A healthy prayer life is what matters most

Prayer matters most

At the beginning of today’s Gospel, St Matthew tells us that Jesus went up into the hills by himself to pray. He had just finished a very long day teaching the crowds, healing the sick, and peforming the miracle of the multiplication of the laves. At the beginning of that day he had heard the news about the death of his cousin, St John the Baptist. At the time, he had wanted to go off alone to reflect, to pray, and to mourn the loss of that great prophet, his cousin. But the crowds didn’t let him. Now we see that although he delayed his time of prayer out of compassion for the crowds, he didn’t skip it, even though he must have been exhausted. Now, as the sun sets, he climbs up the mountain to pray. And he doesn’t appear again until about three o’clock in the morning – six hours later.

We know from other Gospel passages that our Lord Jesus Christ frequently went off alone to pray.

Is that not kind of strange? After all, Jesus was God, true God from true God, as we profess in the Creed. Why would he have to dedicate large chunks of His time to pray? Because He was also true man, the Word made flesh, born of the Virgin Mary. Jesus had two natures: divine and human. Because He was human, he needed to pray. As humans we are not meant to go it alone. The Catechism of the Catholic Church tells us,

Man was created to live in communion with God, in whom he finds happiness.

CCC 45

No one can have communion with God without a life of prayer.

Today, our Lord is teaching us to keep first things first. If He who is the Son of God needed time alone in prayer, only an arrogant fool would claim not to need some as well.

Following the example of Elijah

The same lesson is reflected in today’s First Reading. This is one of th emost memorable and beautiful passages from the Old Testament.

The Prophet Elijah has just had a run-in with the pagan prophets that have allied themselves with the evil Queen Jezebel. Elijab came out victorious in that encounter, and it made Jezebel furious. She threatened his life, so he escaped to the mountains of the desert to pray.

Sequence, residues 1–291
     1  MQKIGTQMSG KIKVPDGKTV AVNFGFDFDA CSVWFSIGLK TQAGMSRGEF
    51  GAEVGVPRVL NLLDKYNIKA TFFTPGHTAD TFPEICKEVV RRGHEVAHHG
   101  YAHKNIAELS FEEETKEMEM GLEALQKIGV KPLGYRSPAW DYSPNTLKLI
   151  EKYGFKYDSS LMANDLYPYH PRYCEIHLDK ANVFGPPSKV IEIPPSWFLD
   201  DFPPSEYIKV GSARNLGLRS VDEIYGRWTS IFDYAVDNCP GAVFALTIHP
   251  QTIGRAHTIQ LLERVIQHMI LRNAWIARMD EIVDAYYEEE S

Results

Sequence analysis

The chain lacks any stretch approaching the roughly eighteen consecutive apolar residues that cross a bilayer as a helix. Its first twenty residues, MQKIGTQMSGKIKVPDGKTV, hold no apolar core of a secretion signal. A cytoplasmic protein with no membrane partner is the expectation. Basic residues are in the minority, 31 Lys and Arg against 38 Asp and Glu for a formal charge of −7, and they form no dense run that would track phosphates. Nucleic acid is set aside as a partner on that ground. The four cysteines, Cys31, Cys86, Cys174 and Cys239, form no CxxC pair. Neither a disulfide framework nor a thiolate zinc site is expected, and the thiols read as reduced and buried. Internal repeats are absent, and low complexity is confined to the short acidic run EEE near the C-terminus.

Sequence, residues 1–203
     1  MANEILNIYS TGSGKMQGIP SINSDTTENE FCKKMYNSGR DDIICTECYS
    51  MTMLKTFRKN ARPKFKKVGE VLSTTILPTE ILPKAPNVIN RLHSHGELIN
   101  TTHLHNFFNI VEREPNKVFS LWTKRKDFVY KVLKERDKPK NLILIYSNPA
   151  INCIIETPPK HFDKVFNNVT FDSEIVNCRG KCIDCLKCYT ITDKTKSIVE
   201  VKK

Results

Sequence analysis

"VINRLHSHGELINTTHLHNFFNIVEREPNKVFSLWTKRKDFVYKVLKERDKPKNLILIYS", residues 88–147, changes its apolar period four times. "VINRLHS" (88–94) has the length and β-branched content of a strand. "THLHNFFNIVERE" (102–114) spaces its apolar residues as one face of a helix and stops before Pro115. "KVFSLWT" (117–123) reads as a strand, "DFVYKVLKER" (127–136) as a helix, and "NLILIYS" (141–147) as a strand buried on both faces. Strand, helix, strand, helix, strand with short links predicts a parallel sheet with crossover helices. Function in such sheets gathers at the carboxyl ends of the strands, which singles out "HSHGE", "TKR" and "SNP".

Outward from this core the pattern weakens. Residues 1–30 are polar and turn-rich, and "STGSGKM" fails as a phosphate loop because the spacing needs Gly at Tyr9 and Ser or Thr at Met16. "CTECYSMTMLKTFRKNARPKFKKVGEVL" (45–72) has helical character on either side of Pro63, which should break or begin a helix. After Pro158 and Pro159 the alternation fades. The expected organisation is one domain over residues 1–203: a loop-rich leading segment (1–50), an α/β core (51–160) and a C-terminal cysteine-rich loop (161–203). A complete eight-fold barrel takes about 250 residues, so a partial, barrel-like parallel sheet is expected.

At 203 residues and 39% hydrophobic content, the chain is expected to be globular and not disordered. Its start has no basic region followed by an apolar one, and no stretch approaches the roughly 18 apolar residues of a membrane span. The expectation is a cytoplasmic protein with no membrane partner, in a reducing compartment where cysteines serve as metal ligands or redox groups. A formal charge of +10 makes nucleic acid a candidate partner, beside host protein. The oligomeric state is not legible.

He did so for two reasons.

Firstly, he needed to renew his strength. He has been worn out byhis efforts to protect the faith against the evil Queen, hwo has all the power and wealth of the nation at her beck and call. He is tired. He feels discouraged. He wants to give up. What does he do when these feelings come upon him? He goes of to a sacred place to pray.

Secondly, he needed to find light. He doesn’t know what to do next. His options seem to have disappeared. He doesn’t know where to turn, how to proceed, he is unclear about what God is asking of him. What does he do when these feelings come upon him? He goes off to a sacred place to pray, he goes to Mount Horeb.

Mount Horeb was where Moses had received the Ten Commandments, establishing the Old Covenant of the Law.

It was a sacred place—just as every one of our churches is a sacred place, because the Mass is celebrated there—the holy sacrifice of the new, everlasting covenant.

Like Elijah, when we need to renew our strength and find light, we need to pray.

When we climb the monutain of prayer with living faith, we find new strength and light. The storms of life fade away, and the ‘tiny whispering sound’ of God’s eternal wisdom reverebrates in our heart.

The Eucharist: our secret weapon for a healthy prayer life

Most of us do not live in monasteries, so what can we do to make sure our prayer life keeps growing, to make sure that we pray better at age of 40 and 50 than we did at the age of 10?

Our Lord has himself given us a secret weapon for growth in prayer: the Eucharist. Prayer is spending time with God, speaking to Him about what matters to us, and listening to what matters to Him. The Eucharist is the real presence of Christ, body, blood, soul, and divinity.

In the hustle and bustle of our busy, twenty-first century lives, we need a time and a place where we can be sure to find Christ, twenty-four hours a day, seven days a week—something that is objective, not dependent upon our feelings or our moods.

That is the Eucharist: the rock-solid foundation for a healthy life of prayer. When we receive Holy Communion, physically or spiritually, when we gaze upon the Host at Mass, when we come and kneel before the Tabernacle containing the Blessed Sacrament, or when we pray in adoration before the Blessed Sacrament solemnly exposed, we are doing whtat Peter did as he stepped out of that fishing boat. We are fixing our gaze on the Lord. We are cultivating our personal relationship with him. We are praying to the one whose love and grace gives meaning, direction, and strength to our lives. This miracle of Jesus walking on the water takes place right after the miracle of the multiplication of the loaves. Both miracles have to do with bread and with Christ’s body—just like the Eucharist.

Today, as Christ recommits Himself to us in the Mass, let us recommit ourselves to a healthy life of prayer.

Let us promise Him that we will never let a day go by without coming to visit Him, to speak with Him, heart-to-heart in the Eucharist, even if only for a minute, so that we can keep deepening our soul’s communion with God, in whom alone we will find happiness.

Readings for the Nineteenth Sunday in Ordinary Time (A)

  • First Kings 19:9, 11-13
  • Psalm 85:9-14
  • Romans 9:1-5
  • Matthew 14:22-33

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